Family's concern over father who moved to Wisbech after being charged with wife's death but then died from fall

PUBLISHED: 18:20 04 May 2017 | UPDATED: 10:23 05 May 2017

Poppyfields, Eynesbury, St Neots, where Mr and Mrs Constant lived. The husband - who later moved to Wisbech - was accused of his wife's murder but he died before he could stand trial for murder. Their family has questioned the CPS to prosecute.

Poppyfields, Eynesbury, St Neots, where Mr and Mrs Constant lived. The husband - who later moved to Wisbech - was accused of his wife's murder but he died before he could stand trial for murder. Their family has questioned the CPS to prosecute.

Archant

A family caught up in the double tragedy of their parents' deaths have questioned why their father was charged over their mother's death.

Retired company director Brendon Constant moved to Wisbech after he was arrested for murdering his wife and then released on bail; he died following a fall.

He had appeared before Cambridge Crown Court in April accused of murdering his 86-year-old wife Jean at a care home in St Neots on August 22 last year.

The family said Mr Constant was the survivor of a suicide pact and was planning to admit to the lesser charge of manslaughter when the case returned to court.

However the crown court was told this week that he fell on April 27 after a family birthday celebration and died – his barrister insisted there was no suggestion he took his own life.

His family issued a statement saying they were “extremely disappointed by the decision of the Crown Prosecution Service to prosecute our father over the circumstances in which our mother died.

“We cannot understand why he was charged with murder - the evidence did not support that charge in our view”.

They said at the time of their father’s death, the CPS was in the process of considering a lesser charge of manslaughter “based upon our father being the survivor of a suicide pact.

“Further, we cannot understand why it was deemed to be in the public interest to prosecute. Our father was 87 years old at the time he intended to die. He never anticipated that he would survive beyond August 22, 2016.

“He was resuscitated by paramedics who attended and subsequently took him to hospital.”

The statement said: “Our father co-operated fully with the police investigation of our mother’s death. He did not, to the end of his life, accept that he was guilty of any criminal offence.

“He was willing to plead guilty to manslaughter in order that proceedings could be concluded and he could resume what was left of his life.

“The impact of the prosecution was considerable and he was greatly distressed at the thought that there would be a further, public invasion into a life that he wished would remain private.

“On April 28, 2017, our father died as a result of head injuries suffered during a fall at his son’s home.

“We remain extremely grateful to all those in the police, the NHS, the paramedics and the staff at Addenbrooke’s Hospital who cared for our father and treated him with compassion, respect, courtesy and kindness to the end.”

Mr Constant appeared before Cambridge Crown Court accused of murdering Jean Constant on August 22 last year.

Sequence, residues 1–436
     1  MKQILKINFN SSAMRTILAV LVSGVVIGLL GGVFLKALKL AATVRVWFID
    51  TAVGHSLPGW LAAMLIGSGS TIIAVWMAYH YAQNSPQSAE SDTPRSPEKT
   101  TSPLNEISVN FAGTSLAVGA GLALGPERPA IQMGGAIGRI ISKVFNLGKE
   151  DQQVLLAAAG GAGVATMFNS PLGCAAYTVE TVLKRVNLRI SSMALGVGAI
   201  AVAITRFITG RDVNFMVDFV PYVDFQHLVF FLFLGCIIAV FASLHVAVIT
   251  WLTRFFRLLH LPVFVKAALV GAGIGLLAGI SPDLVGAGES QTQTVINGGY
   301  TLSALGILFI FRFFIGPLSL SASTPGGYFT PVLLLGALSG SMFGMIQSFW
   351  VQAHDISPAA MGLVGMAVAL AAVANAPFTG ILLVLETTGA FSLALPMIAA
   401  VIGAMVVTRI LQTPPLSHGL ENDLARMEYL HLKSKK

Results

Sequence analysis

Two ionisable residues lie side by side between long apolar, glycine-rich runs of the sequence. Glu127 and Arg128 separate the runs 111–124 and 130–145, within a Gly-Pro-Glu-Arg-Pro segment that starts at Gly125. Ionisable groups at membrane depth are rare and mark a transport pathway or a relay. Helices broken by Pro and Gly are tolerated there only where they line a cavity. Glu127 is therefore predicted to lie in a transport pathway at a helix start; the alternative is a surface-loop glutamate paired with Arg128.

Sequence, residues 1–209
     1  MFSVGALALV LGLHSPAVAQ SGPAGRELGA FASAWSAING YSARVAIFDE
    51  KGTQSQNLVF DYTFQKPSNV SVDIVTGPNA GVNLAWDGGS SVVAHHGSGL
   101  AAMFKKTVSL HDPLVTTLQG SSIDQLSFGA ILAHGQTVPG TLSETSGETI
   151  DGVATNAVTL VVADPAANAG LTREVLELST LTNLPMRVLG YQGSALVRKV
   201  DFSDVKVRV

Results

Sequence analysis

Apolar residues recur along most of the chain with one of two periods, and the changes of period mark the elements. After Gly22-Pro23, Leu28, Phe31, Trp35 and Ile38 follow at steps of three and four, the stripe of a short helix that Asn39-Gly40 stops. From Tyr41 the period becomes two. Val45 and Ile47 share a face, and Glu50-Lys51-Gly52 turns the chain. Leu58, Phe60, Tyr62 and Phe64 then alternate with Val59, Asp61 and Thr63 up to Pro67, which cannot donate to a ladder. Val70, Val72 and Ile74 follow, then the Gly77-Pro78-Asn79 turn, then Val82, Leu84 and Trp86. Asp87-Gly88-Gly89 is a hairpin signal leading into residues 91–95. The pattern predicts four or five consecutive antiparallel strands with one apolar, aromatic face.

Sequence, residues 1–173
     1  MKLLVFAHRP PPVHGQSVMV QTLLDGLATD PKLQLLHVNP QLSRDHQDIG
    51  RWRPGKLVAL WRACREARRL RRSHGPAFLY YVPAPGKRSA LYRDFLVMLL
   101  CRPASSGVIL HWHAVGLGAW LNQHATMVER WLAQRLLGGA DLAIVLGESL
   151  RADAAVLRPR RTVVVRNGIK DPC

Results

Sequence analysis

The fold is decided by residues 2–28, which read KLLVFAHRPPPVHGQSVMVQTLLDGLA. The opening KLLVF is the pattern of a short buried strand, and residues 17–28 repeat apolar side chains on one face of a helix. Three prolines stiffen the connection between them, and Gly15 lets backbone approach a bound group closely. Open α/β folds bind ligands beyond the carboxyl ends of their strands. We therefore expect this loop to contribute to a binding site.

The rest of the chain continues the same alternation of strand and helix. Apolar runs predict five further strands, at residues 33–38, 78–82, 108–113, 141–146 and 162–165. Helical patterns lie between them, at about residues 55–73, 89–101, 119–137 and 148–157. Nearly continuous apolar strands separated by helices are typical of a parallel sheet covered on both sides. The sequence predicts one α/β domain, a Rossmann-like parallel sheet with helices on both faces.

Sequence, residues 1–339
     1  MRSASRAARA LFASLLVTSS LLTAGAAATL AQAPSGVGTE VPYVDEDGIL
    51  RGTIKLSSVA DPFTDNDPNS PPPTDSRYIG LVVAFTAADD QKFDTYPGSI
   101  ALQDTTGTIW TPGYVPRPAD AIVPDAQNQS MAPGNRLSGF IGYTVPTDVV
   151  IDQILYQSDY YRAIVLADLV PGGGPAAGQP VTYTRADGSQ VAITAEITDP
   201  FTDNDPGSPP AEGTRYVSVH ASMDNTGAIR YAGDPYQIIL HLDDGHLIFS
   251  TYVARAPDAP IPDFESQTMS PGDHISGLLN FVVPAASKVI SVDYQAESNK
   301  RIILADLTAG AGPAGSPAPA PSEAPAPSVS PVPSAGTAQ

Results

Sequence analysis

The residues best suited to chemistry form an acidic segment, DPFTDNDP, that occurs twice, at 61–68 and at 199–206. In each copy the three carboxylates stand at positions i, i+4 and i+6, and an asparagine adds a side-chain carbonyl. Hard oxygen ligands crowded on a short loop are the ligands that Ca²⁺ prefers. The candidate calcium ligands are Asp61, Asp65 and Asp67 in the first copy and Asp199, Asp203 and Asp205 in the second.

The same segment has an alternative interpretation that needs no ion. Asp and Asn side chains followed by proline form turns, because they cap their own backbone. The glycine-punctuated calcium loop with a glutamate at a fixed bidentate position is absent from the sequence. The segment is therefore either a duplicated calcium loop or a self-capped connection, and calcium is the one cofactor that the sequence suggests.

Judge David Farrell QC adjourned the hearing and granted Mr Constant bail, with the conditions that he did not go to Poppyfields Care Home or contact staff at the home.

Constant was arrested on suspicion of murder following an incident at Poppyfields, a sheltered housing complex in Eynesbury.

A post mortem, carried out by Dr Nat Cary concluded Mrs Constant died from plastic bag asphyxia in association with heart disease.

Her husband was taken to Addenbroke’s Hospital, Cambridge, to be treated for his injuries.

The couple had moved to Eynesbury near St Neots in 1980 from their former home in Ashford, Kent.

During this week’s hearing Judge David Farrell expressed concerns over the fact Mr Constant had been bailed and fell.

Frank Ferguson for the CPS said: “We considered the public interest in this case very carefully given Mr Constant’s age and the alleged motive for his actions. This included contacting his family so that we were aware of their views.

“However, we were satisfied there was sufficient evidence to show that Mr Constant had killed his wife unlawfully, with the intention required for murder. In these circumstances it would be highly unusual not to pursue a criminal prosecution. We were not aware of any medical reasons that would have prevented Mr Constant from standing trial.

“The function of the CPS is not to decide whether a person is guilty of a criminal offence, but to make fair, independent and objective assessments about whether it is appropriate to present charges for a jury to consider. However we fully appreciate the sensitivities of such cases and our thoughts are with Mr Constant’s family at this time.”

Mr Ferguson is the deputy chief crown prosecutor for CPS East of England.

The CPS explained on on April 27 they received an indication from solicitors representing Mr Constant that he would plead guilty to manslaughter.

They contacted Cambridge Crown Court the next day to ask for the hearing listed for May 3 to be put back a week to allow them to consider this.

There is to be a further hearing at Cambridge Crown Court within the next 14 days for formal notification of Mr Constant’s death to be put before the court.

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